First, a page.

Municipalities are finding it increasingly difficult to fund the growing cost of local services and other municipal operations. Financial support from higher levels of government is limited, while increases in property taxes often face stiff resistance from the electorate. While certain municipalities have been given special powers to assess and collect tax other than just property taxes, most municipalities must rely on property taxes as their principal means of funding many of the services they provide.
Under these circumstances, most local governments have been compelled to consider user fees and regulatory charges to meet the growing cost of, and demand for, municipal services. Implementing new fees and charges requires special care as they are vulnerable to court challenges alleging that they are in fact taxes and therefore beyond the power of most municipalities to assess or collect. The cost and distraction of litigation is something every local government tries to avoid.
Fortunately, when properly implemented, user fees and regulatory charges are within the statutory authority of a municipality to enact. Importantly, the courts have provided guidance as to what constitutes a permissible user fee and regulatory charge and what is required to defend a legal challenge alleging a fee or charge is a tax.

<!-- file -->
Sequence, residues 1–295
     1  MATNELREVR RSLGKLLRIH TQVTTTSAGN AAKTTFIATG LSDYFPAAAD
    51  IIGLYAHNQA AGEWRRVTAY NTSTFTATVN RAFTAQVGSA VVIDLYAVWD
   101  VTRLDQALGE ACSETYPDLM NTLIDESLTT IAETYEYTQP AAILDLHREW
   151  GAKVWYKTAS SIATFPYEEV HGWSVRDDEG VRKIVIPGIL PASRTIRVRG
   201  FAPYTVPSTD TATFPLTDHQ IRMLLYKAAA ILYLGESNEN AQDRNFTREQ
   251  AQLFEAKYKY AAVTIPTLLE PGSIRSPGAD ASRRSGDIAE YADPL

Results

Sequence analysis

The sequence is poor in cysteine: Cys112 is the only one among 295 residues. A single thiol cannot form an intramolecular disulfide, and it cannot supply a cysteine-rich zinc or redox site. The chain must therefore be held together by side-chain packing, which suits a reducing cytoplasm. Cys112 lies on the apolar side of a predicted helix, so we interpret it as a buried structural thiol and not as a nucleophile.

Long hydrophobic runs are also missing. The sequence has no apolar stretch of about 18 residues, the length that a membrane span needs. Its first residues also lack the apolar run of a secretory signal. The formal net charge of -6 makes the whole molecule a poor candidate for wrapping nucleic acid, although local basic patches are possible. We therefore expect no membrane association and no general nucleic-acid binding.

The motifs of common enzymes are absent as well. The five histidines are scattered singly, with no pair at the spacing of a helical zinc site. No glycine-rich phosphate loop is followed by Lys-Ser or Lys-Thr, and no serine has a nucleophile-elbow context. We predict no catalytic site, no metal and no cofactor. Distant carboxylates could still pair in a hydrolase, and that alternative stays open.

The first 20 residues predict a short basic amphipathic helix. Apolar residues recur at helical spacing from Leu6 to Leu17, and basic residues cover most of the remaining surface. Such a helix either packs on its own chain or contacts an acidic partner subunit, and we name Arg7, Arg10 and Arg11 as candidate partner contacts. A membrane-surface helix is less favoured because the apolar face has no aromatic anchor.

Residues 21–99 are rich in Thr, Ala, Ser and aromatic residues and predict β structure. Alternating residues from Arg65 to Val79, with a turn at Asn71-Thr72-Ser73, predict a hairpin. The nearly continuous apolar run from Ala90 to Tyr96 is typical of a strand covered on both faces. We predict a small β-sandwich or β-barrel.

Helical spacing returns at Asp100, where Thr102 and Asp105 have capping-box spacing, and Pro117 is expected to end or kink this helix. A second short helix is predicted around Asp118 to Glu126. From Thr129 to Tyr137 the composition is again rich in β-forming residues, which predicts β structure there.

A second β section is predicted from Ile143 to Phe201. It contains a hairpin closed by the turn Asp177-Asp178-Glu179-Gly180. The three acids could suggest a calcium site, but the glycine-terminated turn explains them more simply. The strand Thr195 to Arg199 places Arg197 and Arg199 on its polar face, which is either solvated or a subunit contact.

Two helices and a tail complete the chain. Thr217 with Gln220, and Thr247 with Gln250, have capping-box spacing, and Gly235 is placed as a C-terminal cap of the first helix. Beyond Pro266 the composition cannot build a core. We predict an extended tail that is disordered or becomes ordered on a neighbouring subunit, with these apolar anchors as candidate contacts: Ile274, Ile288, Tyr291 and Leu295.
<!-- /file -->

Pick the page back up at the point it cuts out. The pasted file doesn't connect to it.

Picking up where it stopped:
WHAT IS A TAX?
In Lawson v. Interior Tree Fruit and Vegetable Committee of Direction  SCR 357, the Supreme Court of Canada established a foundation for this discussion by pronouncing that taxes met the criteria of being:
• Enforceable by law;
• Imposed under the authority of the legislature;
• Levied by a public body; and
• Intended for a public purpose
On their own, however, the above criteria are not helpful in distinguishing taxes from permissible fees and charges, which may also meet all of the above criteria. In later cases, the Supreme Court went on to further differentiate taxes, fees, and regulatory charges.
WHAT IS A PERMISSIBLE USER FEE?
In 620 Connaught Ltd. v. Canada (Attorney General), 2008 SCC 7, (“Connaught”) the Supreme Court of Canada established that:
19 It will be useful to first differentiate a regulatory charge from a user fee. A user fee, by definition, is a fee charged by the government for the use of government services or facilities. In the case of user fees, as stated by this Court in Eurig, there must be a clear nexus between the quantum charged and the cost to the government of providing such services or facilities. The fees charged cannot exceed the cost to the government of providing the services or facilities. However, "courts will not insist that fees correspond precisely to the cost of the relevant service. As long as a reasonable connection is shown between the cost of the service provided and the amount charged, that will suffice" (see Eurig, at para. 22).
The court does not insist on an exact balance between cost and fee but rather, looks for a “reasonable connection”. Accordingly,...